God made the family

the meeting

"We are de-institutionalizing orphan care," our local Children's Officer told us. "Some orphans have to live in an institution; there are kids who have nowhere else to go. But it is a last resort. There will be no new orphanages of any kind in this county."

Rodgers, Liz, and I sat in plastic chairs in front of the Officer's desk as we discussed future ministry avenues now that we know we can't do what we had planned all along, the main reason (so Rodgers and I thought) we came to Kenya in the first place. She shared many things, very openly and honestly, about her experiences with troubled Kenyan children. She told us what the biggest needs are in the county, some of which are not our focus area, but some, like life and job skills training, are things that we had always planned to be part of the children's homes, and have become part of our Transitioning MKKs ministry. (MKK is Maisha Kamili Kids – the transitioners aren't kids, but orphans over the age of 18 transitioning into adulthood.)

She explained to us that many times, relatives send kids to live in orphanages so that they don't have to take care of them. Maybe they don't want the trouble, maybe they feel they can't afford it. Ministries like the Community MKKs (MKKs who live with their relatives, and we help with school fees and sometimes other expenses on a case-by-case basis) are very important because they help keep orphans with their relatives, and that is the goal.

changing plans

The landscape has changed since we arrived in Kenya in 2012. When we first began presenting our idea for Maisha Kamili Children's Homes, which would be small group homes, we were told, "That's a great idea. No one is doing that in this area. We support this model." It was encouraging and exciting. However, as we've been working on acquiring land where we can build these homes, things have changed. There is too much fraud, too much abuse, and even in the best case institution scenario, it is still better for a child to grow up in a family than in an institution. Kenya doesn't want any more institutional orphan care.

We have – and will continue – Community MKKs and Transitioning MKKs, but there is a component missing. There are MKKs who live with aging grandmothers. Their other relatives aren't willing to take them in. When their grandmothers die, what will become of them? We have nowhere to put them without the Children's Homes. There are also kids today who would qualify to be Community MKKs if they had a relative to live with and apply for help. But they have no one and are on their own.

We came to Kenya believing that we would be building children's homes – not large, dormitory style orphanages, but institutional orphan care nonetheless. We named this organization Maisha Kamili (Swahili for full life) because we don't want to minister to only one aspect of the lives of orphans – only school, only food, only medical. We want to be an instrument to bring them the fullness of life that Jesus offers, ministering to their physical, educational, emotional, and spiritual needs. We thought that children's homes was the best way to do that. But is there an even better way?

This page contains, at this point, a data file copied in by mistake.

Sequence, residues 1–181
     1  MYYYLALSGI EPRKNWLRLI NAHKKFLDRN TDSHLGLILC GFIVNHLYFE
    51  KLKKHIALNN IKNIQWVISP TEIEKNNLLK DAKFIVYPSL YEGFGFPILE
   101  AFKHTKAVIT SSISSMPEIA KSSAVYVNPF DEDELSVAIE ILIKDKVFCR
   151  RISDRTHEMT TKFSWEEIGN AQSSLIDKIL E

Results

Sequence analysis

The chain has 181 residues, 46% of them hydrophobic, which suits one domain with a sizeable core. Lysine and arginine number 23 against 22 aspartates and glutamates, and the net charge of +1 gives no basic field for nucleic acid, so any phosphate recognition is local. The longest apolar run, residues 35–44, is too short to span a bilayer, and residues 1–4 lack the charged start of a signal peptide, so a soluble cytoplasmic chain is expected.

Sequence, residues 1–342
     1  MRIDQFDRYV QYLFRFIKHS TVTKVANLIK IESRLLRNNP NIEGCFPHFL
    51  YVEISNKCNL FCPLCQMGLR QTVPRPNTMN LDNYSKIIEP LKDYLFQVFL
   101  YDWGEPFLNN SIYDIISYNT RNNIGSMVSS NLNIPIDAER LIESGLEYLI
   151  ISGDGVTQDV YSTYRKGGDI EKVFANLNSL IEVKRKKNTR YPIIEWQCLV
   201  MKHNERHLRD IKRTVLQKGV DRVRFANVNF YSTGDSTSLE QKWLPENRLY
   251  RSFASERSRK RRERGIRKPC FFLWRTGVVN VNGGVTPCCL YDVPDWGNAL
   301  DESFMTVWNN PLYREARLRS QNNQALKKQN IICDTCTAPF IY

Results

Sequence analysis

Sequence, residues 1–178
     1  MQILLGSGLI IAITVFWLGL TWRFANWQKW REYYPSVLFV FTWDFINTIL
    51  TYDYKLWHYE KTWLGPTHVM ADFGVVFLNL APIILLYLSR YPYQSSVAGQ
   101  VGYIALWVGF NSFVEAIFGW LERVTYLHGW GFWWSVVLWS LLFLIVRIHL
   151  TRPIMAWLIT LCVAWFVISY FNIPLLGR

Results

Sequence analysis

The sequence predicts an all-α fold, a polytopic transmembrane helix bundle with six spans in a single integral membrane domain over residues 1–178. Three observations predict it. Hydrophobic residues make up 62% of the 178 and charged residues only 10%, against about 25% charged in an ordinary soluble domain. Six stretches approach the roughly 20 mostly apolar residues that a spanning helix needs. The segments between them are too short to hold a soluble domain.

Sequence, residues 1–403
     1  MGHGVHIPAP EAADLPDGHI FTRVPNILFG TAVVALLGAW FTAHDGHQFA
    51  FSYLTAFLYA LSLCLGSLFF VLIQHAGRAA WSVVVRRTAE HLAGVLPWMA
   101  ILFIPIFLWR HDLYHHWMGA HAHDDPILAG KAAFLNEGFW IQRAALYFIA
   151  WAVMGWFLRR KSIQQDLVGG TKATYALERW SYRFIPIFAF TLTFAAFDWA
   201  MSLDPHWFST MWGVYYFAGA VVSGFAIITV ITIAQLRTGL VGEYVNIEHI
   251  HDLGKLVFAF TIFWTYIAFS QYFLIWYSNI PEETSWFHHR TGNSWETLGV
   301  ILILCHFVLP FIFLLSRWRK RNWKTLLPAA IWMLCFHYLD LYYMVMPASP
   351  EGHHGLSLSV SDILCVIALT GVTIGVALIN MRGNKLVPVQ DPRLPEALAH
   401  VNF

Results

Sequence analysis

"Man made orphanages for children, but God made the family for children."
Orphan Justice: How to Care for Orphans Beyond Adopting by Johnny Carr 

group effort

Maisha Kamili Kenya has been a society in Kenya, but we are transitioning our registration to something called a Community Based Organization. This is an effort between an organization and members of the community. For example, right now we provide school fees for our CMKKs. Their relatives provide for other needs like housing and food and discipline. It's a group effort.

Orphans who don't have relatives to live with need foster families. There is foster care in Kenya, but not many participants. We are not a foster agent. But we can encourage fostering, help organize training or interest meetings, provide moral (not financial) support to foster parents.

It's scary to venture into this. If we were building children's homes, we would only have to raise funds, build the homes, hire house parents, and recruit sponsors for each child in the home. Encouraging couples to become foster parents is even more out of our control than fundraising. Taking into your home a child who is not your own is counter-cultural, even in the US where orphan care is trending. We have already seen godly counter-cultural attitudes among discipleship participants and MK volunteers. God is moving.

We know God asks us to do things that are beyond our ability so that his glory can be known. We don't know how this will play out, but we believe this is where he is leading. We believe that he has counter-cultural plans for Kenyan orphans.

your part

Pray with us that God will move hearts in the Kenyan church, drawing his people to care for the orphans around them. (disclaimer: Be prepared for God to move your heart, too.) Pray that entire churches will make caring for their own orphans a priority, assisting relatives and caregivers of orphans, promoting foster care and adoption.